Arizona GOP Senate Candidates Embrace Trump In Primary. But What Comes Next?
At a campaign event in a restaurant northeast of Phoenix, Ariz., Republican Kelli Ward presented the crowd with a choice.
"Are we going to elect a senator that is cut from the same cloth as Jeff Flake and John McCain?" Ward asked.
The crowd of faithful supporters replied with a resounding "No."
Ward, a former Arizona state lawmaker, tried challenging GOP Sen. John McCain in a primary two years ago. She lost, but she never really stopped campaigning. Sen. Jeff Flake was already facing a challenge from Ward when he decided last year he couldn't win a Republican primary as a prominent critic of President Trump.
Flake is now retiring from the Senate, leaving an open seat that Democrats are eyeing as part of their very narrow path to take control of the Senate.
Republicans want to block them, and they can likely do that if they hold this seat in Arizona. But with less than three months before Election Day, the party first has to settle a bitter primary battle being fought largely over which candidate is Trump's best ally on immigration.
Ward promises to be his strongest supporter when it comes to that issue.
"Leadership in Washington will pass a budget without funding for the wall if we let them," she said. "And so, they have to know that there is a group of people, a powerful group of people who will not allow them to get away with it."
There's another far-right candidate in the race, Joe Arpaio, the former county sheriff convicted of criminal contempt and later pardoned by Trump. Many Ward supporters think Arpaio, 86, is too old. They also reject the front-runner in the race, Rep. Martha McSally, a former fighter pilot and a more moderate member of the House of Representatives.
Republican voter Teresa Mendoza said McSally is not a reliable conservative: "Are we really going to elect another McCain in a dress? Oh, my God, just the thought!"
McSally criticized Trump in 2016, and although he hasn't endorsed her, he's talked about her in glowing terms a couple of times since taking office. McSally does have the endorsement of the border patrol union and is tacking right on immigration.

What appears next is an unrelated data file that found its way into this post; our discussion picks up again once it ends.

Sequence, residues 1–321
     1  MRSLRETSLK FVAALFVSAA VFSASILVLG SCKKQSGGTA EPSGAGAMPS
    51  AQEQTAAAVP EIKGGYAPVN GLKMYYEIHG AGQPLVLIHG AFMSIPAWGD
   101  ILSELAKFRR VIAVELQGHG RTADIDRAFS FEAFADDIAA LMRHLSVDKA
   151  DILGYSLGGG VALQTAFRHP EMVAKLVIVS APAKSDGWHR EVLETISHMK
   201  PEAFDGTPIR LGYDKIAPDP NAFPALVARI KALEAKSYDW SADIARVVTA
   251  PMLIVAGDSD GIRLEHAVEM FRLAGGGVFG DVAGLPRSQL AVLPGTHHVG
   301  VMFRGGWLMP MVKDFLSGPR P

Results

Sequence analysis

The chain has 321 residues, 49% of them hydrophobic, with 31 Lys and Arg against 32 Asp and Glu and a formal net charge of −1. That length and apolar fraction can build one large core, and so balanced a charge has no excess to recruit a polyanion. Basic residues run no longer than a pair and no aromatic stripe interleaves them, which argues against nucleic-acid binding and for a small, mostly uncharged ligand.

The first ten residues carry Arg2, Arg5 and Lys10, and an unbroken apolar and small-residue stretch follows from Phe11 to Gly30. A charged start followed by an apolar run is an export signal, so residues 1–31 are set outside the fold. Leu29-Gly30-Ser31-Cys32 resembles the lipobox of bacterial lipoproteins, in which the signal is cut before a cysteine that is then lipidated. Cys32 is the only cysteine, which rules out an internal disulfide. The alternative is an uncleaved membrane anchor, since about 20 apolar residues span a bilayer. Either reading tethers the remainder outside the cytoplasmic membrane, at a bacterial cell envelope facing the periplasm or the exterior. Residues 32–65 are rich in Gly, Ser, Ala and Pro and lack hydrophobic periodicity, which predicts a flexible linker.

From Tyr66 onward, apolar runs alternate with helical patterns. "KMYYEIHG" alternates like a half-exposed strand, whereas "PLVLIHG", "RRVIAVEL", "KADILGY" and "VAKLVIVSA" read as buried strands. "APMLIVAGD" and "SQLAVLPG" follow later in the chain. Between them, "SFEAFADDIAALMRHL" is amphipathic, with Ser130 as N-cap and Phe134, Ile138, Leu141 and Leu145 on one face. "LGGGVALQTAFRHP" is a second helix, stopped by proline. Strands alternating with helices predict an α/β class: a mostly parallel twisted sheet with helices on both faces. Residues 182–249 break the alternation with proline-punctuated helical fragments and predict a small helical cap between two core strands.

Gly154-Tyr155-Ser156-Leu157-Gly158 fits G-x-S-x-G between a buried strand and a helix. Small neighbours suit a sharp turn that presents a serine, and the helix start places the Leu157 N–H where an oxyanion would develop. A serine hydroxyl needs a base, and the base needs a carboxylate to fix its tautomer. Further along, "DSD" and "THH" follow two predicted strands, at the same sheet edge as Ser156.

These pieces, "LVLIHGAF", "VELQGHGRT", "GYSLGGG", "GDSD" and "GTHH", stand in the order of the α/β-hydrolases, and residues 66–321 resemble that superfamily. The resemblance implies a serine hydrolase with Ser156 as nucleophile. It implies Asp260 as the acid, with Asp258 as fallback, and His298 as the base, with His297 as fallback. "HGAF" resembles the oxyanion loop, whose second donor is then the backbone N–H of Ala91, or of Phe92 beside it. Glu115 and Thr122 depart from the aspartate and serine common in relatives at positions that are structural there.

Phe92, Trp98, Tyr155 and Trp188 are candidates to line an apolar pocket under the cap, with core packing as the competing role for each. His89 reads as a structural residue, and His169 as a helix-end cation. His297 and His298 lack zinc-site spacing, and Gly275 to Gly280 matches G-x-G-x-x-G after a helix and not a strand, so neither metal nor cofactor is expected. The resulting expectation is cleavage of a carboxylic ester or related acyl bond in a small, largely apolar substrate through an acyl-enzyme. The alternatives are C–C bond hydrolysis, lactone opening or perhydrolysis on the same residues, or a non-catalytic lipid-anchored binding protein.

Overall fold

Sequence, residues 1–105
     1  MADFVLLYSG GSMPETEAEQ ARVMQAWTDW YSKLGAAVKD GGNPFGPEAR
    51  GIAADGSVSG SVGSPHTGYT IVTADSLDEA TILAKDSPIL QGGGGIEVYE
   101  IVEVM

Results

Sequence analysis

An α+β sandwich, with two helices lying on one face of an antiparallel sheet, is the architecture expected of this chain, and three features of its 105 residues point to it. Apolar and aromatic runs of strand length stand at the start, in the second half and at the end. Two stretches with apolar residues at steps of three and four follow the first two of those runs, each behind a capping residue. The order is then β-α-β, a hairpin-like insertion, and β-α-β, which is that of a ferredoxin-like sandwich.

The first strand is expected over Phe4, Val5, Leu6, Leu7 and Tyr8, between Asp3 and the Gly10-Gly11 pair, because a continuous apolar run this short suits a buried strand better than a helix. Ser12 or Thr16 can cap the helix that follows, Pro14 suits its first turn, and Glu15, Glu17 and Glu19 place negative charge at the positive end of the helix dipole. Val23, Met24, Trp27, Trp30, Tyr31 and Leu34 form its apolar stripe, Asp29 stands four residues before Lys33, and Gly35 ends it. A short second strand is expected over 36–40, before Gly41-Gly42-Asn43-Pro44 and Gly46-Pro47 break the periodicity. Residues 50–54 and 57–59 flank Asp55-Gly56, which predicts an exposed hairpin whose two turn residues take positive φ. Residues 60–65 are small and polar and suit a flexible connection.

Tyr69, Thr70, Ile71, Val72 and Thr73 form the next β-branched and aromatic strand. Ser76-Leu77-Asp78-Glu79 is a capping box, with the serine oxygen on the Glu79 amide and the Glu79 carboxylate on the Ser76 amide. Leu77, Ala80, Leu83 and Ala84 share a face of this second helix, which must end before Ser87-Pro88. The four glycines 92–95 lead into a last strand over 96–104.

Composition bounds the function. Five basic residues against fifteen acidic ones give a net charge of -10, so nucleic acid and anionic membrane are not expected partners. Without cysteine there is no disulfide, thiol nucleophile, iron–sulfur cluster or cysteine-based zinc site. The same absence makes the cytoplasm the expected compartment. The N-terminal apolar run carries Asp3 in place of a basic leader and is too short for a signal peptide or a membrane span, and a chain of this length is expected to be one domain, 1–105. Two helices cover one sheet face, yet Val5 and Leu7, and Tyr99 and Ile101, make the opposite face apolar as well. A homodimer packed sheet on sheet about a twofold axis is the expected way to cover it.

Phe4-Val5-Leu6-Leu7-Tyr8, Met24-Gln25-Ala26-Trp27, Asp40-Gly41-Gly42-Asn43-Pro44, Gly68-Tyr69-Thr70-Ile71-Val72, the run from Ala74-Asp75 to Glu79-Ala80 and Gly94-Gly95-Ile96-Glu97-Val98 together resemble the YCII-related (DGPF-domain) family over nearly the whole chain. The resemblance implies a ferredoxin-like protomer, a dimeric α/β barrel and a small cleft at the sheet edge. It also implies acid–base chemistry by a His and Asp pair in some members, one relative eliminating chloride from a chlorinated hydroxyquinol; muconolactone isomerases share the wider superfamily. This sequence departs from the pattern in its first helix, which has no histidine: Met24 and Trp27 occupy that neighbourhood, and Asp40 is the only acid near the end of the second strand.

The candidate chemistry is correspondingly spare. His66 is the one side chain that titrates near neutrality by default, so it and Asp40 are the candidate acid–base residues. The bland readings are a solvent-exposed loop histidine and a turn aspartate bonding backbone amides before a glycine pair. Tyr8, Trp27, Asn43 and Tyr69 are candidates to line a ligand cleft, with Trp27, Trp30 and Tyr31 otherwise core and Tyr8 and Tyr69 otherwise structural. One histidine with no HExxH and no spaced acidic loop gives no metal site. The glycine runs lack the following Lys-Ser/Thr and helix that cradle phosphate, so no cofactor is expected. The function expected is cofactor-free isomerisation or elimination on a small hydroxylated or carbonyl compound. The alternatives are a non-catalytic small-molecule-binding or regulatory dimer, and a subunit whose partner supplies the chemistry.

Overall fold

"Around Arizona, everywhere I go, whether people are registered as Democrats, independents or Republicans, they want our border secure," she said to reporters after the border patrol endorsement was announced. "They want to stop the cartels coming through our communities. They want to stop the opioids coming in and killing people. They want to stop the gang activity. This is a unifying issue, and I am proud to be working with our president in order to get the mission done."
McSally has, for better or worse, a congressional record to answer for that her primary opponents do not. She was an original co-sponsor of a conservative immigration bill in the House earlier this year. It would've provided limited legal status for some recipients of the Deferred Action for Childhood Arrivals program. It wasn't a path to citizenship, but Ward derides it as "amnesty."
McSally also stepped back from a DACA bill she had co-sponsored that would have provided a path to citizenship. She said that wasn't to pander to conservatives, but to discourage a forced vote on it.
"A bill by itself coming up like that is not the appropriate thing for us to be doing, and I just wanted to make that clear," she said in an interview.
But if McSally wins after taking a harder line in the primary, it's a tight pivot to the general election. Arizona's primary is next week, Aug. 28. Roughly six weeks later, mail-in ballots go out for November's election.
"Regardless of having to reframe her, maybe, in 30 days, I think they're willing to say, look, let's take that chance, but she's got to come out of the primary first and foremost," said Jaime Molera, a Republican political consultant in Phoenix. "And that's why you're seeing a massive amount of resources that I didn't think was needed, but I think they'd rather be safe than sorry."
The resources include over $3 million in Republican superPAC money. That's more than outside groups spent to boost McCain in his 2016 primary against Ward, who they fear is too extreme to win in November. Ward recently announced a bus tour, whose riders include a conspiracy theorist who promoted the false Pizzagate story.
Meanwhile, Democratic groups have already spent millions opposing McSally.
"I guarantee you they're making sure that they have a lot of commercials ready to go the day after [the] primary that will be able to launch against whomever the Republican is," said Molera.
The Republican winner will likely face Democrat Kyrsten Sinema, a House member heavily favored to win her Senate primary.
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